Pulmonary tele-rehabilitation in the COVID-19 era

Lewis, Adam, Bevan-Smith, Elaine ORCID: 0000-0002-9636-5367, Lound, Adam and Conway, Joy (2020) Pulmonary tele-rehabilitation in the COVID-19 era. Thorax.

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Abstract

[Commentary] For patients with chronic obstructive pulmonary disease, pulmonary rehabilitation (PR) has demonstrated improvements in physiological measures(1), patient-reported outcomes(2), and health economic indices(3). There is also a growing body of evidence around improvements in frailty(4) sedentary behaviour(5) and social-connectedness(6). The clinical need for alternative delivery modes of programmes, such as pulmonary tele-rehabilitation (PTR) has been clearly established in the COVID-19 pandemic, whereby conventional face-to-face programme provision seems an unlikely reality for the foreseeable future. The rapid remodelling of health services as a result of COVID-19 provides an exciting opportunity to reflect about the traditional aims, structure, outcomes and components of conventional PR programmes.Hansen et al(7) in a recent issue of Thorax provide an excellent, concise literature review, in combination with outcomes from their study, which suggest that PTR is certainly no worse than conventional PR for commonly reported patient outcomes and could indeed offer some benefits in terms of programme completion. However, there are limitations which we believe should be highlighted further.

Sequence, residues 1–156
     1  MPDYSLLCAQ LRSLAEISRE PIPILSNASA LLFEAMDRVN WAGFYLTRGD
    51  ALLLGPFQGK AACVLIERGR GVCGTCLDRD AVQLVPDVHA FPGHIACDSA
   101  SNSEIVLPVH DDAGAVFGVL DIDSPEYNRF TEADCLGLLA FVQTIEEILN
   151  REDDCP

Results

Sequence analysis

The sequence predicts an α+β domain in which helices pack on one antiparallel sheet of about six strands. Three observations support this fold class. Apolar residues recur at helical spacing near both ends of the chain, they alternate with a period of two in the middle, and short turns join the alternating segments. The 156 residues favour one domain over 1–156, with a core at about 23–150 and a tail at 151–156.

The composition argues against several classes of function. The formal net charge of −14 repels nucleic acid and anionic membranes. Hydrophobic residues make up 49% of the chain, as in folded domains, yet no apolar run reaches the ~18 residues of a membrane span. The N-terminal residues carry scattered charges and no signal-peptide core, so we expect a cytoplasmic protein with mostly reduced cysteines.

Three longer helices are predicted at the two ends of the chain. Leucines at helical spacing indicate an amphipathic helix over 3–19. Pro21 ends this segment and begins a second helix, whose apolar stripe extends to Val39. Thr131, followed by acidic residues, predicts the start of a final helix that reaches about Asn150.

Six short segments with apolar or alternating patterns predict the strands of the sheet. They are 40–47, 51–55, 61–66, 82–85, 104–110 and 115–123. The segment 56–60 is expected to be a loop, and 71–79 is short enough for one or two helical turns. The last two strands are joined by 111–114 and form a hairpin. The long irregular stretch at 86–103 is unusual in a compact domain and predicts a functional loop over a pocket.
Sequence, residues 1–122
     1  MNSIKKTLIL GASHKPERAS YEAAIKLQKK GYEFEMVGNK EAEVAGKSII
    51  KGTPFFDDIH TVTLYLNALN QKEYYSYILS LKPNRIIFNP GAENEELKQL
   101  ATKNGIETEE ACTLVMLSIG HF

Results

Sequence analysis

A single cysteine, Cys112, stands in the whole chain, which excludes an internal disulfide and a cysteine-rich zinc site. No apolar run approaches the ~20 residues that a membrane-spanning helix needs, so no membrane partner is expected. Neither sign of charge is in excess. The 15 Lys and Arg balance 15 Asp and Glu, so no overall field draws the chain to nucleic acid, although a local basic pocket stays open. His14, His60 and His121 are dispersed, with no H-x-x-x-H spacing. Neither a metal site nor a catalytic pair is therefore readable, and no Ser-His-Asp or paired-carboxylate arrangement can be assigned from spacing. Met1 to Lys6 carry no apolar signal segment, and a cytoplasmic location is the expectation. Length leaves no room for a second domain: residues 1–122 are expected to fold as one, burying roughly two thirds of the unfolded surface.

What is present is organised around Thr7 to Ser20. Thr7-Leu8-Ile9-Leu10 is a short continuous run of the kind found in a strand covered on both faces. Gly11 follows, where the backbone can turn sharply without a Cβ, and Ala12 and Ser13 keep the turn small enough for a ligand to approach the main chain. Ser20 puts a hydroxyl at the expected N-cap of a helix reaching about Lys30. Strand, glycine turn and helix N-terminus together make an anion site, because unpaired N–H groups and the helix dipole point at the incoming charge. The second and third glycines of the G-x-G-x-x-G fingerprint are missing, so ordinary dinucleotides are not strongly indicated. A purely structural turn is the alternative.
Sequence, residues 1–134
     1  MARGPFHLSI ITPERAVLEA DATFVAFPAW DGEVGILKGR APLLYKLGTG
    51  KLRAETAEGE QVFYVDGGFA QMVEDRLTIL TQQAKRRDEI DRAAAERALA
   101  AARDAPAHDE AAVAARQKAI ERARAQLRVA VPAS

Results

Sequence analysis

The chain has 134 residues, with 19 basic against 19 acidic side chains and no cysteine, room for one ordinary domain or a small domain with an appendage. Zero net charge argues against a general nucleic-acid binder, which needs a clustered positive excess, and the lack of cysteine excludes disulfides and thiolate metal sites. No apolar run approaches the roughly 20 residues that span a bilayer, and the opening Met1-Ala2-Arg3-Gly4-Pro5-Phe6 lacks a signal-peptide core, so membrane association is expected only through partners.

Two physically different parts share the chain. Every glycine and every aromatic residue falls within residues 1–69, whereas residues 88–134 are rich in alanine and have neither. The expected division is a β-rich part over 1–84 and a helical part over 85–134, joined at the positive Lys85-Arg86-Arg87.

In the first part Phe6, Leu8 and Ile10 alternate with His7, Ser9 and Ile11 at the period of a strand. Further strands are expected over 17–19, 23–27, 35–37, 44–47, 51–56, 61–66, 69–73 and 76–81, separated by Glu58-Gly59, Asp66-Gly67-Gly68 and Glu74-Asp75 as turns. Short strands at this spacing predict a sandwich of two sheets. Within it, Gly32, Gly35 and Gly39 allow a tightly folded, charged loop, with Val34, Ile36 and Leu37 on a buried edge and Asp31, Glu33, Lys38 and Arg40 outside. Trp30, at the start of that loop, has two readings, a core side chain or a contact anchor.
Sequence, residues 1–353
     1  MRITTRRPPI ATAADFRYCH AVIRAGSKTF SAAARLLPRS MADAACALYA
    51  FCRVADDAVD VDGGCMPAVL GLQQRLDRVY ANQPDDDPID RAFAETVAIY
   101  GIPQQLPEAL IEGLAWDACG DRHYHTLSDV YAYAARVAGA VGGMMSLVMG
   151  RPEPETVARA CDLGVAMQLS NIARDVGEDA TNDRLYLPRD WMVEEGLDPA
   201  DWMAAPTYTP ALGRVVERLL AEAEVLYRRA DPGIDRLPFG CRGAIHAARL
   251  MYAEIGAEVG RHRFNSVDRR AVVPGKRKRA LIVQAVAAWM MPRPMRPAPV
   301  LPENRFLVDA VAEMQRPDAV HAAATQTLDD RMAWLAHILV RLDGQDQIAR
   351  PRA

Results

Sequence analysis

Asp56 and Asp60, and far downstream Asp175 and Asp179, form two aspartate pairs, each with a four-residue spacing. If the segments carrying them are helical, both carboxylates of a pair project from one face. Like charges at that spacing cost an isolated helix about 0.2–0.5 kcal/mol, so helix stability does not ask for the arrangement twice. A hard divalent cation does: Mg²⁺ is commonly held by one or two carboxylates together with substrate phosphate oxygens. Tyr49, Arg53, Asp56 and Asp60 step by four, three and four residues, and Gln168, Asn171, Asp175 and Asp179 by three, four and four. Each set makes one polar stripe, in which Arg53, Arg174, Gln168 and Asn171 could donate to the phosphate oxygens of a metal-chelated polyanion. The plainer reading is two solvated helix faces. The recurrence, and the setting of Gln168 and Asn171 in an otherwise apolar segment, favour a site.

Item Type: Article
Article Type: Article
Additional Information: This is a commentary on the following article Hansen H, Bieler T, Beyer N, et al Supervised pulmonary tele-rehabilitation versus pulmonary rehabilitation in severe COPD: a randomised multicentre trialThorax 2020;75:413-421.
Uncontrolled Keywords: Pulmonary tele-rehabilitation; Covid-19
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Subjects: R Medicine > RM Therapeutics. Pharmacology > RM695 Physical medicine. physical therapy including massage, exercise, occupational therapy, hydrotherapy, phototherapy, radiotherapy, thermotherapy, electrotherapy
Divisions: Schools and Research Institutes > School of Health and Social Care > Allied Health Professions
Research Priority Areas: Sport, Exercise, Health & Wellbeing
Depositing User: Susan Turner
Date Deposited: 03 Aug 2020 10:44
Last Modified: 03 Aug 2020 11:00
URI: http://eprints.glos.ac.uk/id/eprint/8597

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